This is how the foreign policy establishment reinforces itself, and keeps applying the same failed policies over and over again: it’s lucrative to do so, the mainstream media never offers a challenge, so what’s the downside? “If you build a bridge, insurgents blow it up so the government won’t be successful. Cash subsidies to poor farmers work better.” In line with that analysis, we have been pouring billions of billions of dollars into Iraq and Afghanistan (not to mention Pakistan) for years, and what do we have to show for it? The world is more on fire than ever.
This $100 million venture is foredoomed to failure, because the assembled academics will never dare examine the motives and goals of the jihad terrorists: that would lead them straight into Islam, and they will not go there. If The Thomas L. Pearson and The Pearson Family Members Foundation really wants to understand global conflicts, they can fork over $12.26 for a copy of my book The Complete Infidel’s Guide to ISIS, and use the remaining $99,999,987.74 to do some real good in this world.
“U. of C. gets $100 million donation to study global conflict,” by Dahleen Glanton, Chicago Tribune, September 30, 2015 (thanks to Mike):
The University of Chicago has received a $100 million gift to open a first-of-its-kind global institute using data-based research to address violent conflicts in countries that have become breeding grounds for terrorist groups, officials announced Wednesday.
The Pearson Institute for the Study and Resolution of Global Conflicts will be part of the university’s Harris School of Public Policy and will include the Pearson Global Forum, an annual gathering of international policymakers who will exchange ideas and work on solutions.
The institute, slated to open in fall 2016, will be funded through a $100 million gift from The Thomas L. Pearson and The Pearson Family Members Foundation, a Delaware nonprofit that focuses on global issues. It is tied for the second-largest donation in university history, officials said.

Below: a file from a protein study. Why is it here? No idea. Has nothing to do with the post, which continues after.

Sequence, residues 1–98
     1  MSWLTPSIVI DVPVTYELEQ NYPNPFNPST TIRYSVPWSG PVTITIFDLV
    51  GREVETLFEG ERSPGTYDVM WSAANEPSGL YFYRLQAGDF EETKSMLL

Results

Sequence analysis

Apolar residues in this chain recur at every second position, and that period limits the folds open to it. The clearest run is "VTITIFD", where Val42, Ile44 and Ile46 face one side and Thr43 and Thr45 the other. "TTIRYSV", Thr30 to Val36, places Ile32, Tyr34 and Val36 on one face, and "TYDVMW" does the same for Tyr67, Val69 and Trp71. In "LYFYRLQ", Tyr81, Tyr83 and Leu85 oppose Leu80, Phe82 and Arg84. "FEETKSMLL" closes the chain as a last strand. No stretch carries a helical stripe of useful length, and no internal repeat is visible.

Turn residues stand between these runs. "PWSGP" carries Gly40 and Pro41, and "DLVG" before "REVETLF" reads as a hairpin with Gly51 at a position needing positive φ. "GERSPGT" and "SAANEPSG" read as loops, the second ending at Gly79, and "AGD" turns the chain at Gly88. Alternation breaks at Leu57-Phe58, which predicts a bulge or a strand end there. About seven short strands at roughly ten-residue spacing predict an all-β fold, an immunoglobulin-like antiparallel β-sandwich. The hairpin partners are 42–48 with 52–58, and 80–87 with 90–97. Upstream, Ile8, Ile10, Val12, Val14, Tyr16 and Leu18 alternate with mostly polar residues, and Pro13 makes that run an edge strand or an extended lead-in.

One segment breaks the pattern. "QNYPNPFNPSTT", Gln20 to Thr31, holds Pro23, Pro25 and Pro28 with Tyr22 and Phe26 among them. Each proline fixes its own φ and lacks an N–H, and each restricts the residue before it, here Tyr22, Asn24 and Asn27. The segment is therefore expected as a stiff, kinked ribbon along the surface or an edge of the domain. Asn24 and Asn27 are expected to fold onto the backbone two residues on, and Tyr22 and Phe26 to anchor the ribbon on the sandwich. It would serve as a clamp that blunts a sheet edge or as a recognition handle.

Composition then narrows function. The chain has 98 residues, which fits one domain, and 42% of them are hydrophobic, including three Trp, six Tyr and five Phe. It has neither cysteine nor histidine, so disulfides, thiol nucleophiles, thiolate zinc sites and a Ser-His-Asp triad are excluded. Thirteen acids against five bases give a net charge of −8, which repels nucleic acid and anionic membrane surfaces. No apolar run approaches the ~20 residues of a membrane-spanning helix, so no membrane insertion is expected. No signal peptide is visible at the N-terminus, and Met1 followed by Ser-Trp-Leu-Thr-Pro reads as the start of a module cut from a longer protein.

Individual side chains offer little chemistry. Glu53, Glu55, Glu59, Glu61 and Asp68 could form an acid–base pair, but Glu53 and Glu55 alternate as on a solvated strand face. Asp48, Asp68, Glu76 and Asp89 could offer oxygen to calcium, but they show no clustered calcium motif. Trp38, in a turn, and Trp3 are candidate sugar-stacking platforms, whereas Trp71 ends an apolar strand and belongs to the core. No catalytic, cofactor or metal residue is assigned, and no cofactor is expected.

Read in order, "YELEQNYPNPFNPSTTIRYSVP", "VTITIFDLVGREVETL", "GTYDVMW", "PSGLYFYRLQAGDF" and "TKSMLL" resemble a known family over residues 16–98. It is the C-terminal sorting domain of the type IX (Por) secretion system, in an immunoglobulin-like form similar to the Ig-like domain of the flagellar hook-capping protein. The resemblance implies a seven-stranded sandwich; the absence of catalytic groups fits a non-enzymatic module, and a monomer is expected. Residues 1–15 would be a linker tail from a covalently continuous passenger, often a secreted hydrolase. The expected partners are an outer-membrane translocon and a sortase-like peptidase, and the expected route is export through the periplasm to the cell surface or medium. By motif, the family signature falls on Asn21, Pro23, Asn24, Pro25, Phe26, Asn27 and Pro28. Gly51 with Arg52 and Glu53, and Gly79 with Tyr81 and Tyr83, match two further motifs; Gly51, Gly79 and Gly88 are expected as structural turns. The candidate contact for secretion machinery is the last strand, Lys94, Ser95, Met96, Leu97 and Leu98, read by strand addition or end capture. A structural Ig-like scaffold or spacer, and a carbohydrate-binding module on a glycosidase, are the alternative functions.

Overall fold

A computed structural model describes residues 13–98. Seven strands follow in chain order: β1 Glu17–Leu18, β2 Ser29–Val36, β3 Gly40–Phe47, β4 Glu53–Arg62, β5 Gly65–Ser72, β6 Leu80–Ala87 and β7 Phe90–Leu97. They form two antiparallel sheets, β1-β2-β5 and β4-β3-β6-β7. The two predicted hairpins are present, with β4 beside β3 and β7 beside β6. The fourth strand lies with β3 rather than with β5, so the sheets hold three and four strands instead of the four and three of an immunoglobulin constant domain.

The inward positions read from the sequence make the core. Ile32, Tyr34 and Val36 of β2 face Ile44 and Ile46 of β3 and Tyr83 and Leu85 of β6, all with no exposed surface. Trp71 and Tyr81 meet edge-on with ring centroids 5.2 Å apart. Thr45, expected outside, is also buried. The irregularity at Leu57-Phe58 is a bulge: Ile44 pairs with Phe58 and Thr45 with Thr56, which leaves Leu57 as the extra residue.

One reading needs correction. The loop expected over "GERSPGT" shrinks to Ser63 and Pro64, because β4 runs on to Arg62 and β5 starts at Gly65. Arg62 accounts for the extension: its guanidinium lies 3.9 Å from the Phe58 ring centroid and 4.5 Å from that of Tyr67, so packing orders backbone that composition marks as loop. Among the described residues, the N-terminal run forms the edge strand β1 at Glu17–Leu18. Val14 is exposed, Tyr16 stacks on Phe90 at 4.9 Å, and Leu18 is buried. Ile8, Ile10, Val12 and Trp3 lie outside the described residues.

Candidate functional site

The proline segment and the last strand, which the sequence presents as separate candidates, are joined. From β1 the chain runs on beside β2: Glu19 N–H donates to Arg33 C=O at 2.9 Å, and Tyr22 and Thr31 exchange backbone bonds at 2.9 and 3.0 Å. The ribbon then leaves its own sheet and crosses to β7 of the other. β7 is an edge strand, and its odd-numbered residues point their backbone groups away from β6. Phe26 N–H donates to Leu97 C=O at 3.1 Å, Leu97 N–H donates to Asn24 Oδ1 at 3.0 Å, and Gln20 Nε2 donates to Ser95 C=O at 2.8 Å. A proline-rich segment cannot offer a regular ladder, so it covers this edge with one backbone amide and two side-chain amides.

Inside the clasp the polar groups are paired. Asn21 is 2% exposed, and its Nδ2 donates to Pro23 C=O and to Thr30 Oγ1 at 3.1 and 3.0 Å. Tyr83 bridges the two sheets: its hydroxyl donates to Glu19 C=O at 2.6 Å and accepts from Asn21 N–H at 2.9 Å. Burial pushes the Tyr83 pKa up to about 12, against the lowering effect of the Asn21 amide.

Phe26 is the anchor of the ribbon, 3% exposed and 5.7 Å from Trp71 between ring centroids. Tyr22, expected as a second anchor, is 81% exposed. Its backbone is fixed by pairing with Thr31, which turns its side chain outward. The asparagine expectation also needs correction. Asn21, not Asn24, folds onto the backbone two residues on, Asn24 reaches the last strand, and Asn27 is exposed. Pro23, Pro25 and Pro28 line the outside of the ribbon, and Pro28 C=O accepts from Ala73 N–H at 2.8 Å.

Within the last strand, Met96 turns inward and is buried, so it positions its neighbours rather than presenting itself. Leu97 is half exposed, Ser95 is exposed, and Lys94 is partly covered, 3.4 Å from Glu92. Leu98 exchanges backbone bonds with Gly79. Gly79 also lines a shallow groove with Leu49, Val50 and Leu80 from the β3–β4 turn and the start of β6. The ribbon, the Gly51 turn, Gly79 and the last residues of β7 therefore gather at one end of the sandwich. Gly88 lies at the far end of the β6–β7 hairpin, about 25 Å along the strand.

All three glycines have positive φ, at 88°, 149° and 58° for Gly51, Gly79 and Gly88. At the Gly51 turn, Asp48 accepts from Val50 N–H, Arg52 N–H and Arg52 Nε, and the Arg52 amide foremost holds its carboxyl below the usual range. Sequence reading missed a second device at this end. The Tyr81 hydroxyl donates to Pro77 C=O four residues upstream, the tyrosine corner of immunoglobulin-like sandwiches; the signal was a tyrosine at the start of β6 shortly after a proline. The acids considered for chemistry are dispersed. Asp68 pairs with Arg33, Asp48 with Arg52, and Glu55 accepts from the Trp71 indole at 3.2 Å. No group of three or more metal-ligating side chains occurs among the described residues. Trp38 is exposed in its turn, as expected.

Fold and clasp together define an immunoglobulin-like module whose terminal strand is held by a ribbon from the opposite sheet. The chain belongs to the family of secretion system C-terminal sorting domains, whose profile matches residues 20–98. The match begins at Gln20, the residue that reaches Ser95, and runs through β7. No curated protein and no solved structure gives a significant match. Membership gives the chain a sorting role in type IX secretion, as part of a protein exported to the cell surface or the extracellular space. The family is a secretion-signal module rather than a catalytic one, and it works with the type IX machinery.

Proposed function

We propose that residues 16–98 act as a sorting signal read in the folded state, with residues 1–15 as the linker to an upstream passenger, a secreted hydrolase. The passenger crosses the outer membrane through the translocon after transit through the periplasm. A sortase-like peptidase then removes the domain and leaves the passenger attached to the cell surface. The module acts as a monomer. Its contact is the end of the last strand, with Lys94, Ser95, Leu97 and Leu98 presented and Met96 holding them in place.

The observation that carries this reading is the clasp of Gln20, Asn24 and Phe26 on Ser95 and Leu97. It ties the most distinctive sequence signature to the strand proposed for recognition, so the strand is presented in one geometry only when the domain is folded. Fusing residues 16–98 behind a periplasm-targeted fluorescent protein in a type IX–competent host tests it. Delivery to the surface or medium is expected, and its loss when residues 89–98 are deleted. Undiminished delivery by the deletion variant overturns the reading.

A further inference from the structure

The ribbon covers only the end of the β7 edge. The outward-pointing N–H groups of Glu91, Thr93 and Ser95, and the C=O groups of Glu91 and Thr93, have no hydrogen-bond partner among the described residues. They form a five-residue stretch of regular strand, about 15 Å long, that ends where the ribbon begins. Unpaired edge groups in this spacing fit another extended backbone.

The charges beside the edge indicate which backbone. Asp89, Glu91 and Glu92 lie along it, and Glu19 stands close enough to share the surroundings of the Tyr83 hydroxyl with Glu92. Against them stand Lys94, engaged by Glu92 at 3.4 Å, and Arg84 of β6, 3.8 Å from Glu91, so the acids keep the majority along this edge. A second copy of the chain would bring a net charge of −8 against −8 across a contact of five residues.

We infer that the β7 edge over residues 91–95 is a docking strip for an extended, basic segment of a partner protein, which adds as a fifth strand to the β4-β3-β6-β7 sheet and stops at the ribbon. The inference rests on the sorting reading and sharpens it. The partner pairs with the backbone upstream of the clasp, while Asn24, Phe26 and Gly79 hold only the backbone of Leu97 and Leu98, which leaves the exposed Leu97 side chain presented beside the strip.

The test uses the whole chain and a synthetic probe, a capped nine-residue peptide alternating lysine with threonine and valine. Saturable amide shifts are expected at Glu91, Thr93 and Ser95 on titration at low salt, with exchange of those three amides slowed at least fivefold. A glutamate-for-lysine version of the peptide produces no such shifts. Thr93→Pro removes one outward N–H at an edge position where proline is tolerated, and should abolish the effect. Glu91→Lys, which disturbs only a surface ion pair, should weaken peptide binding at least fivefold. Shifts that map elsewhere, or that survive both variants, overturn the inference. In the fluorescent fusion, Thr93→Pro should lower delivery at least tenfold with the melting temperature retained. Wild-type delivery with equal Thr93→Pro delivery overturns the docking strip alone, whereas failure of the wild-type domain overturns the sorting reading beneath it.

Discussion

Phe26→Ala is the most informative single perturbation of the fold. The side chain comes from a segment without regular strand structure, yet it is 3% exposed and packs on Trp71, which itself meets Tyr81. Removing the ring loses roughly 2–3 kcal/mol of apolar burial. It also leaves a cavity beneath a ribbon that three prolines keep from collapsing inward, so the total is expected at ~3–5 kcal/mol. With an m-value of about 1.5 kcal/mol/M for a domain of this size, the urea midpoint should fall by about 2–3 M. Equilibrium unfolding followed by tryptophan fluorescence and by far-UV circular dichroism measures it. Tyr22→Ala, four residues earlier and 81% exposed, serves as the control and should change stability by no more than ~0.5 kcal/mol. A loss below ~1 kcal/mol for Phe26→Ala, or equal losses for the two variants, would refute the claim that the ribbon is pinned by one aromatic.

“The study of global conflicts is a field ripe for groundbreaking research approaches, and the Pearson Institute will seek to inform more effective policy solutions for resolving violent conflicts to make a lasting impact around the world,” U. of C. President Robert Zimmer said in a statement….
“The university is making an investment in what arguably is the greatest foreign policy challenge of our time,” said Daniel Diermeier, dean of the university’s Harris School of Public Policy. “Our ambition is that these types of policy discussions and research, and the education that goes with it, take place in Chicago.”
The new institute comes as the U.S. and Europe are dealing with increasing threats from the Islamic State in Iraq and Syria, which has wreaked havoc in the Middle East while threatening international security. The U.S. is also trying to curb drug cartel operations in Mexico.
Organizers anticipate the institute and forum will be useful in developing strategies that can prevent or resolve conflicts such as those in Syria and Iraq, where war and political turmoil have contributed to the largest displacement of people since World War II.
Richard Haass, president of the Council on Foreign Relations and an expert on U.S. foreign policy, said such an institute can serve as a much-needed “halfway house” between pure academics and the State Department.
“There is no shortage of conflicts for this institute to focus on,” said Haass, who has been recognized for his efforts to promote international peace and conflict resolution. “There is a much greater need for people to think creatively about the problems caused by weak states. We need fresh thinking about what to do about a whole different category of class of conflicts that are taking place within countries rather than between them.”